There aren’t many court cases about creationism that are currently active, and most of them aren’t generating any activity that we’ve noticed. Our last litigation update was in June. As far as we can tell, that’s still the last word about most of the ongoing litigation.
The only new case since then is the one involving Mark Armitage. Our most recent post on that was WorldNetDaily Supports Mark Armitage. The initial batch of news reports about his lawsuit came almost entirely from religious websites. They mindlessly accepted his claim that he was the victim, although it was obvious that the only available information at the start of the case was coming from Armitage and his lawyers. There have been no developments since then. The complaint hasn’t been answered yet.
The only active case where we have anything new to report is the Bryan College Litigation. This is a suit filed by two tenured professors, Stephen Barnett and Steven DeGeorge, who lost their jobs at Bryan College in Dayton, Tennessee, the site of the Scopes Trial. The college was named in honor of William Jennings Bryan — the great creationist blowhard.
The professors were fired because they refused to accept the college’s recent “clarification” of its statement of faith, which is now far more explicit than before about the special creation of Adam & Eve. The professors are suing the school to get their jobs back, and to have the “clarification” declared void, because the original statement of faith — which they accept — says it can’t be changed.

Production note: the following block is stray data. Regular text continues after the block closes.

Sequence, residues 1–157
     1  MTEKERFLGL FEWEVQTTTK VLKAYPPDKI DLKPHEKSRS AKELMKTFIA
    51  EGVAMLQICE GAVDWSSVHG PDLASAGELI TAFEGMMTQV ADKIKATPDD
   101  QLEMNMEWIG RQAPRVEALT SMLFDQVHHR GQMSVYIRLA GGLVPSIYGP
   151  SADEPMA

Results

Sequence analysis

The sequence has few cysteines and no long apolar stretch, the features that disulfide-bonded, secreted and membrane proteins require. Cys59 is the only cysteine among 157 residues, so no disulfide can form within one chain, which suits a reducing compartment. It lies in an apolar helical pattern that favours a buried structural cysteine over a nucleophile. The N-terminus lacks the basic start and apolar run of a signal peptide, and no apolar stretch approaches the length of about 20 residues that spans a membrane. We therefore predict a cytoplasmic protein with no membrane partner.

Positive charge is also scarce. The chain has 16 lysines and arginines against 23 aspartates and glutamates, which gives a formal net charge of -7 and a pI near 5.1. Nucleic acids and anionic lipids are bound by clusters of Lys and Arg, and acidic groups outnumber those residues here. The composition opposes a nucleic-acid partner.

Our last post about it was the 10 July 2014 Update. At that time, the court was expected to rule soon on whether the college can hire replacements for the two fired professors. There’s been virtually no news since then.
Well, there was this item from the University Herald on 21 July: 4 Trustees Resign At Bryan College. One excerpt should suffice:
[T]he four trustees were prompted to resign after the board affirmed the recent direction of the college. The trustees said their resignation had little to do with the change in the school’s statement of faith.
“My resignation had to do with leadership, not with doctrine. I did not resign due to any doctrinal disagreement,” Phillips’ resignation letter said. “The ongoing narrative from the president’s office presents interpretations of facts that differ significantly and regularly from what I believe to be true. Second, I do not believe I could contribute anything substantive to the board that would be heard. … Third, the president indicated that those on the board who do not support his presidency should resign.”
Hey — we found one more news article about the case: College may hire replacement for 2 professors, which appears at the website of TV station WBBJ, somewhere in Western Tennessee. It’s dated 16 July, but we just now found it. They say, with bold font added by us:
Two professors have withdrawn an effort to stop Bryan College from hiring replacements for them as they sue the school to get their jobs back.
Professors Stephen Barnett and Steven DeGeorge this week withdrew their motion seeking an injunction against the college. Previously, Chancellor Jeffrey Atherton granted a temporary restraining order barring the Dayton school from hiring replacements.
There’s no explanation about why they did that. The rest of that story is just background about the case, so we’ll skip it. At the end they remind us:
The trial is set for May 2015.
As before, the Discoveroids, who are always whining and complaining about “viewpoint discrimination,” aren’t saying anything in defense of the two professors. That’s not surprising. If the Discoveroids were running Bryan College — or anything else — we don’t doubt that they too would boot out anyone who wasn’t sufficiently creationist.
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